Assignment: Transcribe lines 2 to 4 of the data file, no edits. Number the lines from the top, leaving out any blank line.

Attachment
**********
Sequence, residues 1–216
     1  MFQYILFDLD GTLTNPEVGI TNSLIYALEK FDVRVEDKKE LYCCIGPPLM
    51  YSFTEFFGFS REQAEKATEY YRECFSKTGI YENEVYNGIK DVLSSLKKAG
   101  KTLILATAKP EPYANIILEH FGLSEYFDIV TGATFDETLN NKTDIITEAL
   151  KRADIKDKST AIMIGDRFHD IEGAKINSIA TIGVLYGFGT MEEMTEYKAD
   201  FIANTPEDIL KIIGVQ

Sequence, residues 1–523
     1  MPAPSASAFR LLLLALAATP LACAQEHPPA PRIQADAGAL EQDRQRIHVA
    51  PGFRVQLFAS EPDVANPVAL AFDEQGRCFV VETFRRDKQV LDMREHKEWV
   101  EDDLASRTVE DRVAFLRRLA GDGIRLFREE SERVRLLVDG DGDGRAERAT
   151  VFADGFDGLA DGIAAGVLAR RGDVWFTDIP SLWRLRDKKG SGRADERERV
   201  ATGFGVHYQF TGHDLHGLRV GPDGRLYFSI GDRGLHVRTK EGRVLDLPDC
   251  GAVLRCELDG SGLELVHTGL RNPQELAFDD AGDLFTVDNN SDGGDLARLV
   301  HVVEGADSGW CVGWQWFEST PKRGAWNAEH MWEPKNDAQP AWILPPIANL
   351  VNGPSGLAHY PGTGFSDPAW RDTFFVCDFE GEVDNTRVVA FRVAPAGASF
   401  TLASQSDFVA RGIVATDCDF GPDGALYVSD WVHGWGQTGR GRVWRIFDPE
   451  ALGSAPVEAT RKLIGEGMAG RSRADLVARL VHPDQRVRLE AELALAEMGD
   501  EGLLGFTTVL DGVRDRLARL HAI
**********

     1  MFQYILFDLD GTLTNPEVGI TNSLIYALEK FDVRVEDKKE LYCCIGPPLM
    51  YSFTEFFGFS REQAEKATEY YRECFSKTGI YENEVYNGIK DVLSSLKKAG
   101  KTLILATAKP EPYANIILEH FGLSEYFDIV TGATFDETLN NKTDIITEAL